Remember when superheroes were wholesome and happy-go-lucky? Good, innocent comic readers could sleep at night in the assurance that Superman would never fail to leap those tall buildings and that Captain America was punching Nazis and Communists in the face on their behalf and keeping them safe. They were created as a beacon of hope and a showcase of the power of simple white over black morality.
There have been a few cinema incarnations of Batman, the two most recent being Tim Burton’s, as of 1989 onwards, and Christopher Nolan’s. It’s difficult to find two renditions of the same thing that are so hilariously dissimilar. The Tim Burton series is played out with (naturally, look at the director) quirky flair, almost appearing as a spoof of itself with its over-the-top costumed villains and bizarre antics all around.
And then we have the most recent trilogy, Batman Begins, The Dark Knight and The Dark Knight Rises, which is drawing storm clouds to your local cinema even as I type.
The world of superheroes, much like Alice in Wonderland (which, funnily enough, also got a darker and quirkier retool by Tim Burton) is very much ingrained in our pop culture and you’d be hard pressed to find anyone who didn’t know the basics. With the characters so very recognisable and a long-stretching and occasionally tangled canon that reaches over, in some cases, more than half a century, new writers are freer to take artistic license and tweak the characters and stories as they wish.
And what better hero universe to darken and sharpen than Batman? If you’re going to deconstruct and delve into the more twisted side of the superhero world, Gotham City is a prime starting point—while Superman prances around in his America-coloured suit, confidant that he’ll always be able to save the day (unless it involves that pesky kryptonite), Batman has beneath his dark armour the anguished and complicated character of Bruce Wayne, who carries around a thirst for vengeance and justice and the crippling weight of the grief that set him on his path.
In fact, short of some science fiction-y touches, Batman’s is the most realistic of the comic universes—all heroes, villains and vigilantes are enhanced not by alien heritage or radioactive powers, but by willpower, technology and insanity. This makes the characters immediately more human and, in the case of the latter, much more unnerving than, say, cackling evil scientists that want to take over the world.
Why are the villains of Batman just as well-known and popular as Batman himself? Possibly because they’re some of the coolest characters around, but also because as pure human beings there’s much more room for reader/viewer connection and fascination with how they ended up where they are, donning costumes and terrorising a corrupt and crime-ridden city.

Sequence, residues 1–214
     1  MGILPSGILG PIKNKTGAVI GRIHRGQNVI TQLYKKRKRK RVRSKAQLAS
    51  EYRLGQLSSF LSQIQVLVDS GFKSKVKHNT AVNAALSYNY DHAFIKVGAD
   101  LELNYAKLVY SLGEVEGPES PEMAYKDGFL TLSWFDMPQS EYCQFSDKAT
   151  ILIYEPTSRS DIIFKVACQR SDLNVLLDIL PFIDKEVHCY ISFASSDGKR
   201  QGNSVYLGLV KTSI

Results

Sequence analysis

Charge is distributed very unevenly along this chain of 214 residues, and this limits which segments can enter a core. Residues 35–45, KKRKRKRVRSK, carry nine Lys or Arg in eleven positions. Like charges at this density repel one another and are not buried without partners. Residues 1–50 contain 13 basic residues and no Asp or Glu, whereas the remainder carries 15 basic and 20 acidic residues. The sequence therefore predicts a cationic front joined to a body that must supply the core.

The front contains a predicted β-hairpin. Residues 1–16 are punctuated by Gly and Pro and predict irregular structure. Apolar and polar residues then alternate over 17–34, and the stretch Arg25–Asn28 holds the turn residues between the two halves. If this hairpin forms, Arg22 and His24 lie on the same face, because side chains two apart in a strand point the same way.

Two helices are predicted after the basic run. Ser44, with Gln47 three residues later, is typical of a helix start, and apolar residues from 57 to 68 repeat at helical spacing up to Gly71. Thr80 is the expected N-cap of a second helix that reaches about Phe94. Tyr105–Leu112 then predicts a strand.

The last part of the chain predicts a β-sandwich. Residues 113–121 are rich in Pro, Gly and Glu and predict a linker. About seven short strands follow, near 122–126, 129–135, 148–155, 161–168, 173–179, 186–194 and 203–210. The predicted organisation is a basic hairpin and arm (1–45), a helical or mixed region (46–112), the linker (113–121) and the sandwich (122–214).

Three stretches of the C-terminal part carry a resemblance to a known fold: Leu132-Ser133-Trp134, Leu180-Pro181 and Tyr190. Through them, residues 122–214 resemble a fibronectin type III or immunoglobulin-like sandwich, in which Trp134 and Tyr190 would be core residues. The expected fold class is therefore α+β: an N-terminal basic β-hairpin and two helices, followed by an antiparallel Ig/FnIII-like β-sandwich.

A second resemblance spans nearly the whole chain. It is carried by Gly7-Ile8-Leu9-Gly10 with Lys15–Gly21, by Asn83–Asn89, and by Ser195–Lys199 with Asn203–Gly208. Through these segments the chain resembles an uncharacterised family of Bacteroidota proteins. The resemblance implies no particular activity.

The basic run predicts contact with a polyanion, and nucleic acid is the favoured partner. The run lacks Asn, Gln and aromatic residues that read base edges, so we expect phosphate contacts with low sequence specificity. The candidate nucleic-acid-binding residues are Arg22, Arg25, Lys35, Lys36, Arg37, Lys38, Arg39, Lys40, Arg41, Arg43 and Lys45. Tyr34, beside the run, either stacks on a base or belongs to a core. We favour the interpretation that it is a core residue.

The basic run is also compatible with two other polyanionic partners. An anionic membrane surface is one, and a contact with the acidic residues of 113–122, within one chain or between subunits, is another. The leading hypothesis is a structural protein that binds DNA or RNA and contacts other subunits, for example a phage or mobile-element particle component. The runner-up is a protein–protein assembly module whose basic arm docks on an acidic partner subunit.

Mostly wacky and comedic in the originals (after all, bad guys are only there to get beaten up by the good guys), they left plenty of room to be re-moulded and framed in a darker light, as seen in The Dark Knight. The lead villain of the piece was the Joker, a bizarre and loopy clown-like figure who was always pulling robberies, playing mind games with his nemesis Batman and getting up to crazy shenanigans with Harley Quinn and other equally outlandish buddies of his. In Christopher Nolan’s film, under the murky shadow of Gotham’s dirty skyscrapers, the Joker emerges as a twisted psychopath with a desire to ‘watch the world burn’, truly unsettling in his sadistic sense of humour, tendency to throw the rules away at any moment and play the bewildered city people off one another. Kudos to the late and dearly missed Heath Ledger—acting talent is making a villain played by Jack Freaking Nicolson look like a wuss.
So when the main villain of The Dark Knight Rises was revealed to be the super-drugged Bane, those in-the-know expelled a universal ‘ohhh crap’. Why was Bane the ideal choice for the movie, the one that promises to be the darkest and grittiest in a dark and gritty series? Because he proves once and for all that our eponymous hero is not invulnerable. He breaks Batman (literally) and gives him and us a very vivid, unshakable reminder that he is human.
This is some heavy stuff, but then again, it’s a heavy world that Nolan has created. When watching the first movie, I wondered where on earth the iconic sidekick Robin was. Within about ten minutes I understood—this is not the world Robin belongs in, with his little cape and shorts and upbeat catchphrases. This is the world that Robin belongs to.
Superhero movies are taking a turn for not necessarily the darker, but definitely the edgier, making their infallible star characters more vulnerable and the morality greyer. The Avengers bicker and have their own inner conflicts. Spiderman deals with loss, grief and teenage angst. And the new Superman movie (didn’t we just have a Superman movie? Oh well) is said to be bringing the Man of Steel down to earth, apparently showing him learning to use his powers and being caught up in real human issues (wasn’t that what Smallville was about? Oh well).
So we’re bored with failsafe heroes and black and white morality. We want the people behind the masks and the question of right and wrong, heroes and vigilantes, justice and evil. Where we once demanded superheroes make us feel safe and reassured, now we want them to chill us and make us think.